My experience was the same. Nasty attitudes all around, extremely defensive about the product when asking for basic help. Pass on PowerPod.

mech9
5 years ago

ed is correct.. It’s a 300.00 estimator. considering you can get a stages that actually has a strain gauge built in for not much more I wonder who would buy this thing?

Jon
Jon
5 years ago

Having purchased one of these about a year and a half ago, I can assure you this was one of the worst bike related purchases I have made. The constant dropout and “re-calibration” issues I experienced have made mine a $300 dollar paperweight. The data is inconsistent, and even after going through all the tech support I could get I still don;t trust the data one bit… I should have just bought a stages to start…

habos
habos
5 years ago
Reply to  Jon

I’m a Kickstarter backer and have the exact same experience. Calibration on each ride (aprox 8 min), power data is all over place, it is unusable for training.

Changren Yong
5 years ago
Reply to  Jon

@Jon: That’s exactly my experience when I had it for a month or so. The data was consistently very inconsistent. I have no clue how one is supposed to train on such a device if you aren’t able to get consistent data.

Cru
Cru
5 years ago

Is that what Argon18 built into their concept bike?

Matt
5 years ago

I have one and it works great to have a general idea of your power output +/-10% compared to my Quarq crank setup. Don’t ask me how it does it… maths I suspect. Or aliens. But, if you can’t afford a crankset-based powermeter, this is the poor-man’s option… reliable and consistent, it’s exactly what’s needed for power-training.

Phill Lucas
5 years ago
Reply to  Matt

(Sounds like you need to update firmware and or do a calibration)

Paul Berger
5 years ago

(deleted)

Andrew
Andrew
5 years ago

How is +/- 10% much use? If I’m doing a 20 minute interval there is a world of difference between 300 and 330W. Just improving by 10% could take years of training.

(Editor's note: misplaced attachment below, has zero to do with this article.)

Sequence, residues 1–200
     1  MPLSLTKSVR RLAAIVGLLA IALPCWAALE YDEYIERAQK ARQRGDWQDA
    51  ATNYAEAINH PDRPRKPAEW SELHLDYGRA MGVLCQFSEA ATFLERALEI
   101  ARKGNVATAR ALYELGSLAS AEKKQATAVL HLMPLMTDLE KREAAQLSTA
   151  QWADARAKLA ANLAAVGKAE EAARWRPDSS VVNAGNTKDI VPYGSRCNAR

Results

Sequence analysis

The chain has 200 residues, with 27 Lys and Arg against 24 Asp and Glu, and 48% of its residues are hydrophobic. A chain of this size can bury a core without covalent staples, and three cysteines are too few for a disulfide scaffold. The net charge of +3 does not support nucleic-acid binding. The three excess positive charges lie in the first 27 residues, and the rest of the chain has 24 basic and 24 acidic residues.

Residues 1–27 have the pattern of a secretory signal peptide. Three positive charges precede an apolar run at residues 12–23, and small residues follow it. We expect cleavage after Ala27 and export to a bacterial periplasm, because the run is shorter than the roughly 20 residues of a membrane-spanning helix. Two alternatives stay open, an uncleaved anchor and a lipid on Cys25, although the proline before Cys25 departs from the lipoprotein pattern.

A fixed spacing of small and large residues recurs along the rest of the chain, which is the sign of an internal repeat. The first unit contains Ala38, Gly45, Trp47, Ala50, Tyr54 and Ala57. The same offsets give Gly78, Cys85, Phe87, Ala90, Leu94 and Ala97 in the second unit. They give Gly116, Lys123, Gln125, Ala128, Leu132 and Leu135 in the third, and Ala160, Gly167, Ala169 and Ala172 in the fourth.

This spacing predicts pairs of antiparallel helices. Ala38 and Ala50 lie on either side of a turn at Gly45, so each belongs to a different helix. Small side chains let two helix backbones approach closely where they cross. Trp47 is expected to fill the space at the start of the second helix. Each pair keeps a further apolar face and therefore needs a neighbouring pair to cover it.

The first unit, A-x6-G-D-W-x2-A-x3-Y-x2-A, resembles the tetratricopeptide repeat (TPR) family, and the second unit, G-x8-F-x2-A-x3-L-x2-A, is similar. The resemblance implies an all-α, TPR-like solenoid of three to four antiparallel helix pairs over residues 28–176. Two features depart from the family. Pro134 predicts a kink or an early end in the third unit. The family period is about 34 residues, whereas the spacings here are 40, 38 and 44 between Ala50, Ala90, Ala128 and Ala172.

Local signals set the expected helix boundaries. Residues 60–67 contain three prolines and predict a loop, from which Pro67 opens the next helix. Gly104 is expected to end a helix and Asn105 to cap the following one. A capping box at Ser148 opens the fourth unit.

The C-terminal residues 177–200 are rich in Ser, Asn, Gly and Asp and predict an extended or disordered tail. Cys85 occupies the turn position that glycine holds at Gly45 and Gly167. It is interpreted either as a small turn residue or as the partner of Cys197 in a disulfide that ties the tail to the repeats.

Dylan
Dylan
5 years ago

I don’t train with power (could just as easily say I don’t train, and I have no power:), so perhaps I’m missing something. But if this device can’t account for changes in drag, whether from body position, clothing, rolling resistance or a dragging brake, it seems to be pretty pointless. Sure, the estimated power is always going to be proportional to your actual power, but that proportion will only be constant as long as none of the drag parameters change from when you calibrated. The ability of a real (strain gauge based) power meter to decouple power estimation from speed measurement is a fundamental advantage.

Tim
Tim
5 years ago
Reply to  Dylan

Your CoD is calculated during calibration hence they require you to maintain your position on the bike during this process.

Once out on the road and calibration complete it will constantly compare variations in air speed against variations in inclination vs variance in velocity and determine which change has resulted in variations in the other parameters. If airspeed has dropped before cadence and at the same time as velocity then it will recalculate CoD since this is what has changed. If inclination is constant. And so on. It’s maths. Maybe a little hard for the layman to grasp.

If readings are inconsistent then the user has not calibrated correctly.

Frank
Frank
5 years ago

Can you say “huge”?
Fifty-four units were put to the test … six units deviated by more than five per cent, including products from Stages, Quarq and power2max
http://www.cyclingweekly.com/news/latest-news/huge-scientific-study-shows-inaccuracies-popular-power-meters-330322